Understanding fusion molecules and the A-DAC principle
Fusion molecules combine two validated anti-cancer modes of action in one molecule in order to synergise and improve upon the efficacy of the single agents. Ideally, these are chemotherapy and a targeted agent fused into one molecule.1
EDO-S101 is a representative of the A-DAC principle, and combines the active moieties of an alkylating agent and pan-histone deacetylase (HDAC) inhibitor through fusion technology.
When used in malignant cells:2
- Alkylating agents cause breaks in the DNA that result in cell death3
- HDAC inhibition suppresses gene transcription and prevents the growth of cancer cells and may influence control mechanisms that protect against cell death4
Rationale for development
A fusion molecule offers true bi-functionality and synergy in antineoplastic activity.5,6
The A-DAC principle was proposed to exploit a synergistic mode of action that may overcome the difficulties associated with the combined use of two separate entities.2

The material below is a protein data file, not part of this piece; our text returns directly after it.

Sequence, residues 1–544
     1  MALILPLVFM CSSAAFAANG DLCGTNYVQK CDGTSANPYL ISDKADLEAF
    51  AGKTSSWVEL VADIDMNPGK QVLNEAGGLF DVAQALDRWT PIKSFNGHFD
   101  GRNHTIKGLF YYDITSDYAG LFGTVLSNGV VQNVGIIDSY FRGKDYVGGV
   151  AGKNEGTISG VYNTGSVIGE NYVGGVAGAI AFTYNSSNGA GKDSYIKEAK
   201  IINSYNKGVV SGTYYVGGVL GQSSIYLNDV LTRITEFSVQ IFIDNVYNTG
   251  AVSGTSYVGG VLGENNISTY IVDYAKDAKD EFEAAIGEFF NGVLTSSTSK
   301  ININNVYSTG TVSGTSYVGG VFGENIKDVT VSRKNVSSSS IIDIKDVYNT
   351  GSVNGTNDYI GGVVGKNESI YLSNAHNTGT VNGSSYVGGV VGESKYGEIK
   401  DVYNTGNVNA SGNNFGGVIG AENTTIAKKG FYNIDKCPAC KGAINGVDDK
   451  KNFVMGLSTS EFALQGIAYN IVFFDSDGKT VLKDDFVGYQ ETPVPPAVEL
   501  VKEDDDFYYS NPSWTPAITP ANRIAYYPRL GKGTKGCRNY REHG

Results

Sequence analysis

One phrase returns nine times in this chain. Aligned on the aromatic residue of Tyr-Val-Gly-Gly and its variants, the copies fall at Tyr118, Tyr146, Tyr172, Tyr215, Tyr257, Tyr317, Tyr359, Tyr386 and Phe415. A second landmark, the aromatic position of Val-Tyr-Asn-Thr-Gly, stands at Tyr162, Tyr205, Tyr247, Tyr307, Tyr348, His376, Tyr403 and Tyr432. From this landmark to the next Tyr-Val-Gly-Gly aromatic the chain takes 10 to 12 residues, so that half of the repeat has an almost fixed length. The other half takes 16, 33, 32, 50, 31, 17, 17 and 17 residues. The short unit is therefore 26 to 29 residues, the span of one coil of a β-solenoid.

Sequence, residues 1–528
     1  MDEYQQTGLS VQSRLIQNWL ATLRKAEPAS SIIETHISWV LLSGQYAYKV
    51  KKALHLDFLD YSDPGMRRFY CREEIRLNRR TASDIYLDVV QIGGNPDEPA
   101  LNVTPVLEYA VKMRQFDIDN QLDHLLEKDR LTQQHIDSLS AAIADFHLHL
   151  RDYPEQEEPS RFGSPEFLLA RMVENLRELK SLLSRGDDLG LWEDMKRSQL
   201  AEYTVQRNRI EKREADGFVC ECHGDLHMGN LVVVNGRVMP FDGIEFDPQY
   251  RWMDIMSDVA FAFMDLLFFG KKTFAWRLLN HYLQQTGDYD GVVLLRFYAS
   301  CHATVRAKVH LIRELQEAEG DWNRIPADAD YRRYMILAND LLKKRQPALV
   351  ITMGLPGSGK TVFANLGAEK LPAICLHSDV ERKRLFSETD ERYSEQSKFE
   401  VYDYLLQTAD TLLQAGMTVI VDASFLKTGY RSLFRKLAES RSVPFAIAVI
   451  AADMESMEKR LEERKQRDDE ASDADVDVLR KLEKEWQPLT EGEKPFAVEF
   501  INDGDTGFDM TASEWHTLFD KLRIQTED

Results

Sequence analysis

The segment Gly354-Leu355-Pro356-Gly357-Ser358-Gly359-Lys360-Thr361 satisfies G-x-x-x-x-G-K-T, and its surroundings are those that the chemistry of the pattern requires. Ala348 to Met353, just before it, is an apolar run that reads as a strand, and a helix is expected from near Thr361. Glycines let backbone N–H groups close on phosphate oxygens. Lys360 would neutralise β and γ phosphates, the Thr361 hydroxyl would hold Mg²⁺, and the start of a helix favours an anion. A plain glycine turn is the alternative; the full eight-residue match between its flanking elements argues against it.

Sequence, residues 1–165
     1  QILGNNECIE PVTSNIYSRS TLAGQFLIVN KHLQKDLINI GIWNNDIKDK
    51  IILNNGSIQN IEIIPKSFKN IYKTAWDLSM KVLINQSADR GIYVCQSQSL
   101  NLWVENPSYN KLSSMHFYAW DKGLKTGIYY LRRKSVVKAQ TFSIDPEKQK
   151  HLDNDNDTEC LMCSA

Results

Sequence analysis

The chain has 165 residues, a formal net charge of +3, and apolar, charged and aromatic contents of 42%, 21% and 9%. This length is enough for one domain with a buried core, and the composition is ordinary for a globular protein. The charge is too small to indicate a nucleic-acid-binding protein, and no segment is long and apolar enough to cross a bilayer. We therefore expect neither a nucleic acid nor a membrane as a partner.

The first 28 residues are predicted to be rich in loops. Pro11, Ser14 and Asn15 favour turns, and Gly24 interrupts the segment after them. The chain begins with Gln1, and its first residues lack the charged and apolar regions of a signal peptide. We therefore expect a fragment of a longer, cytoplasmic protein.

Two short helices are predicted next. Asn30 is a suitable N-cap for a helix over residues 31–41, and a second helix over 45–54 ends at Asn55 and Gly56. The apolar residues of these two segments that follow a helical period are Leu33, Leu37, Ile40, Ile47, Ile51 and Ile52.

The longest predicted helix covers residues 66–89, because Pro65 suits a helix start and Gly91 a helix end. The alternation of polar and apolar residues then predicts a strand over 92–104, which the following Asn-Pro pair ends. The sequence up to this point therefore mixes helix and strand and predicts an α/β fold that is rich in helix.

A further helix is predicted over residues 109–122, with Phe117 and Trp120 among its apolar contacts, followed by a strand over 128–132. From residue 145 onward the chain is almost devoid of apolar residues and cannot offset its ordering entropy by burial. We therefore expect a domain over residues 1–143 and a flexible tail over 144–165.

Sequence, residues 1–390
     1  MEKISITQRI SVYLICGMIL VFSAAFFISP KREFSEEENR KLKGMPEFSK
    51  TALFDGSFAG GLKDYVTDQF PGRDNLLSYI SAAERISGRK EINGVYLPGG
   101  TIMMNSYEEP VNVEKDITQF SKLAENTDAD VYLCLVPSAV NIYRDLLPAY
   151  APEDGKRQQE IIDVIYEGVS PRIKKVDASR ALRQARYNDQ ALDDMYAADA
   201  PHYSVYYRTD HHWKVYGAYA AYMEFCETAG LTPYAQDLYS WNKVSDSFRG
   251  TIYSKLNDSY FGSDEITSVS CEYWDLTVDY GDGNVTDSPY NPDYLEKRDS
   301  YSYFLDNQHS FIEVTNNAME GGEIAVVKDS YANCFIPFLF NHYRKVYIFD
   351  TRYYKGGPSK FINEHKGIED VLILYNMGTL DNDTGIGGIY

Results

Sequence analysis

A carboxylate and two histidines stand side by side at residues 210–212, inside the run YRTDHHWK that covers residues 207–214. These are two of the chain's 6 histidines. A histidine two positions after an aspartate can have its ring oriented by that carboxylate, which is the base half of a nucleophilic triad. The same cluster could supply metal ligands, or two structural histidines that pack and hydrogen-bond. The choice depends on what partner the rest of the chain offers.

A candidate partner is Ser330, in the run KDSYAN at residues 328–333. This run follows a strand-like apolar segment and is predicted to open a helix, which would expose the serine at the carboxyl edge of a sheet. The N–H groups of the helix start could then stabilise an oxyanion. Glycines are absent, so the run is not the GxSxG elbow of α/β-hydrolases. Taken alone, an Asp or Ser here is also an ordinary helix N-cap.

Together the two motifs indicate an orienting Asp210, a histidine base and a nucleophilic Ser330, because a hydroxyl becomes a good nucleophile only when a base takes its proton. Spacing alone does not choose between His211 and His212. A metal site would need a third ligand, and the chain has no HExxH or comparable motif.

Successful treatment of cancer is often hindered by the development of resistance to the therapy. HDAC enzymes are overexpressed in some cancers inducing cell proliferation and resistance.2,5
To learn more about the A-DAC fusion molecule S-101 click here.
- Mehrling T. Future Oncology 2015;11:549-52.
- Mehrling and Chen. Anti-cancer Agents Med Chem 2015;16:20-8.
- Leoni et al. Clinical Cancer Research 2008;14:309-17.
- Richon VM. Br J Cancer Research 2006;95:S2-S6.
- National Cancer Institute. http://www.cancer.gov/publications/dictionaries/cancer-drug?expand=B. Accessed June 2016.
- Kraus et al. Abstract presented at ASH 56th Annual Meeting and Exposition, San Francisco, USA, 6-9 December 2014.